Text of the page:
motion, gender, expertise

Science friends sent me this article:

Gender recognition depends on type of movement and motor skill. Analyzing and perceiving biological motion in musical and nonmusical tasks

Basically, it says people can reliably identify men and women based on their walk because of idiosyncratic differences in gait.  Some of those idiosyncrasies of movement appear in beginning conductors, but expert gesture is more standardized, free from gender-specific idiosyncrasies.  

Of course.  Because it’s all about the music.

In their Discussion session, the authors say

Gender was not reliably detected in visual presentations of orchestral conducting gestures. Subsequent analyses revealed an effect of motor expertise such that the group of expert conductors did not afford cues for gender recognition in skilled movements, while the gender of novice conductors was recognized above chance across conditions. Analyses of observers’ response bias indicated that conductors were more often judged to be male. Explanations for these findings are discussed with regards to skill-related availability of
motion cues and observer-related utilization of motion cues for gender recognition, as well as constructs of gender biases in responses. (84)

See?  People assumed more often that a conductor was male just because it was a conductor.  So, it’s possible that people just assume better conductors are more likely to be male.  But that’s only possible is, as they believe, expertise reduces the gender-specific idiosyncrasies.

They measure the amount of signal relative to noise in gestures of novice and expert conductors, and found great efficiency and consistency in experts REGARDLESS of sex.  Of course.  A good golf swing is a good golf swing, regardless of your potential role in reproduction.  A legible cue or cutoff has nothing to do with body morphology or any other gender characteristics.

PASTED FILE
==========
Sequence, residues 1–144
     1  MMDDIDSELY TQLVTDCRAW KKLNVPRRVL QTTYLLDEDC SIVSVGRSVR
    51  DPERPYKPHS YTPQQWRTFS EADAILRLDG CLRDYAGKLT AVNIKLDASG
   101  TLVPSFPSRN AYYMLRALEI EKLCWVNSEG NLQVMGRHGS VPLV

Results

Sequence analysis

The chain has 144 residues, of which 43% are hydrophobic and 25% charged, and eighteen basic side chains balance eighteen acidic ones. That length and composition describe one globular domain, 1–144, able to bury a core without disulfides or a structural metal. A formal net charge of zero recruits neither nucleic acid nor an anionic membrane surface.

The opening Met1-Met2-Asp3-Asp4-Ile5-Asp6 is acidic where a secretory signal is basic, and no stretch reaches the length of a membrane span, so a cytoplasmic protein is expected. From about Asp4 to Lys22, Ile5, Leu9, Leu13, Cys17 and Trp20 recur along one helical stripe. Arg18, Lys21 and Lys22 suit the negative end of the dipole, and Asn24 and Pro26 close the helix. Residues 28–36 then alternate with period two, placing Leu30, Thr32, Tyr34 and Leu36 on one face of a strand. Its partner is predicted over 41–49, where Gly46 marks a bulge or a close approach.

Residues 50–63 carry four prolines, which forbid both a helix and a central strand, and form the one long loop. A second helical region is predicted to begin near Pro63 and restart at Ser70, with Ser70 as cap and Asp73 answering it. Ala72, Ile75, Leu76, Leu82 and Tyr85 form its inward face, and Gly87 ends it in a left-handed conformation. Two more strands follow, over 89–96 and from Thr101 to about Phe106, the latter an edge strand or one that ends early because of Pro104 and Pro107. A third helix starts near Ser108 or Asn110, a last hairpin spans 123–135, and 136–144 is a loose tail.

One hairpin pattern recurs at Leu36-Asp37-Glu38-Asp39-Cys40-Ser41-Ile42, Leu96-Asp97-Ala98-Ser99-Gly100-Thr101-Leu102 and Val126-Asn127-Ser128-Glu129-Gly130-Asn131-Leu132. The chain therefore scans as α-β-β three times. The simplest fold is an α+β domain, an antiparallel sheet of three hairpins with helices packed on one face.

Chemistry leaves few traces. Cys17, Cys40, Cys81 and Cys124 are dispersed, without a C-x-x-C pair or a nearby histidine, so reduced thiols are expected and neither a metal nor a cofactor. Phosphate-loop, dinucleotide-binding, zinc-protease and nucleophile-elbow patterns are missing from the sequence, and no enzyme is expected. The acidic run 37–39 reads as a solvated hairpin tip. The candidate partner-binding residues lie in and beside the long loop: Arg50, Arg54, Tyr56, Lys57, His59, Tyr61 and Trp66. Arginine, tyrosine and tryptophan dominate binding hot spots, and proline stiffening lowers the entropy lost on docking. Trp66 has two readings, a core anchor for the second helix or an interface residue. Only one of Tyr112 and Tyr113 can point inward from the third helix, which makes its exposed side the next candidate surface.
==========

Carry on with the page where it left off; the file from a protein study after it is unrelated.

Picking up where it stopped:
So, as they say:

From a social-psychological perspective, the prevalence of gender stereotypes may have shaped observers’ responses to some extent… In the current study, gender stereotyping may have affected recognition accuracy for conducting movements. Analysis of the observers’ response bias revealed that conductors were more often judged to be male, regardless of their level of expertise. On the other hand, since erroneous gender judgments outnumbered correct judgments for visual displays of expert conductors, it may well be that observers associated the movement skill present in point-light displays of experts more frequently with maleness. In this regard it can be speculated that conductors are more often taught by male instructors or have a male biased prototype as an example, given the domination of males in the field of conducting. (85-86)

Yep.

They cite the Cambridge Companion to Conducting (Edwards, 2003) in stating that

Among various musical professions, conducting appears to be one of the last fields principally dominated by males. (80)

So, basically, this is a study that suggests two things that are true that my experience has also suggested was true:

1. Conducting gesture has to communicate the music clearly, and clarity of gesture is dependent on training.  Clarity of gesture is independent of sex.

2. People expect conductors to be male.

They also expect conductors to be white and old.  And to have shaggy hair.  But none of that has any bearing on quality conducting.  Only training and artistry do.

Thank you, scientists, for helping measure us and how people see us!

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One Response to motion, gender, expertise

  1. Pingback: feminism: it’s still news?! | Thoughtful Gestures

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